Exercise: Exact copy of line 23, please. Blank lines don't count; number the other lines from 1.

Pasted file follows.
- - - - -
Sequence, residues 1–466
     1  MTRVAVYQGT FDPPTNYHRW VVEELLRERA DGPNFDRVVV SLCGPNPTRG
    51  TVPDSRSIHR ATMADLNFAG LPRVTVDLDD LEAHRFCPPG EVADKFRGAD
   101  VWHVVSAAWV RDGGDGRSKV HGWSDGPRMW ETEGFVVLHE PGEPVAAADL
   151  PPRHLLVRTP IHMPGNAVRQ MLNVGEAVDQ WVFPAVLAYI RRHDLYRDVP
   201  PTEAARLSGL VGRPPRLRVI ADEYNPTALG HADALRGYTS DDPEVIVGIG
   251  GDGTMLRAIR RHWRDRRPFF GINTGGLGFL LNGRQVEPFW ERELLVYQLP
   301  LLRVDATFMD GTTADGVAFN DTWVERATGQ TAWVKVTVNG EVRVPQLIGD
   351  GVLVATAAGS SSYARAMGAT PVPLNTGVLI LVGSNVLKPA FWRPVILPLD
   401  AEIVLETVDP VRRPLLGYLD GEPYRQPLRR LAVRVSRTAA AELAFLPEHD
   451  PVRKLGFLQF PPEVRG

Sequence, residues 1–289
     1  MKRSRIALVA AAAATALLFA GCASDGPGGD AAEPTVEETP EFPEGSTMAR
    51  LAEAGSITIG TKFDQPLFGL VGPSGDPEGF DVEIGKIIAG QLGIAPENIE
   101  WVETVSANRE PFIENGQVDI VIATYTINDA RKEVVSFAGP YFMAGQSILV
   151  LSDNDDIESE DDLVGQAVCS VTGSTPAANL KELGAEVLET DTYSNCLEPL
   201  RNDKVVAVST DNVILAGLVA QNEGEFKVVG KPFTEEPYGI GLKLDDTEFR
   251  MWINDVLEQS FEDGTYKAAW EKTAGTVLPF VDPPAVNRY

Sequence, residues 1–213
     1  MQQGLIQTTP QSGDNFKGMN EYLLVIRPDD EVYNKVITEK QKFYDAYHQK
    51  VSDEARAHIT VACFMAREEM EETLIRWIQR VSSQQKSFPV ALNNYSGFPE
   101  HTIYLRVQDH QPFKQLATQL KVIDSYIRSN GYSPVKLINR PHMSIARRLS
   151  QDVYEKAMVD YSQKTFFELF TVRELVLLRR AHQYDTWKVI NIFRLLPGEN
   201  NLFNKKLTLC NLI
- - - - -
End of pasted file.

   151  QDVYEKAMVD YSQKTFFELF TVRELVLLRR AHQYDTWKVI NIFRLLPGEN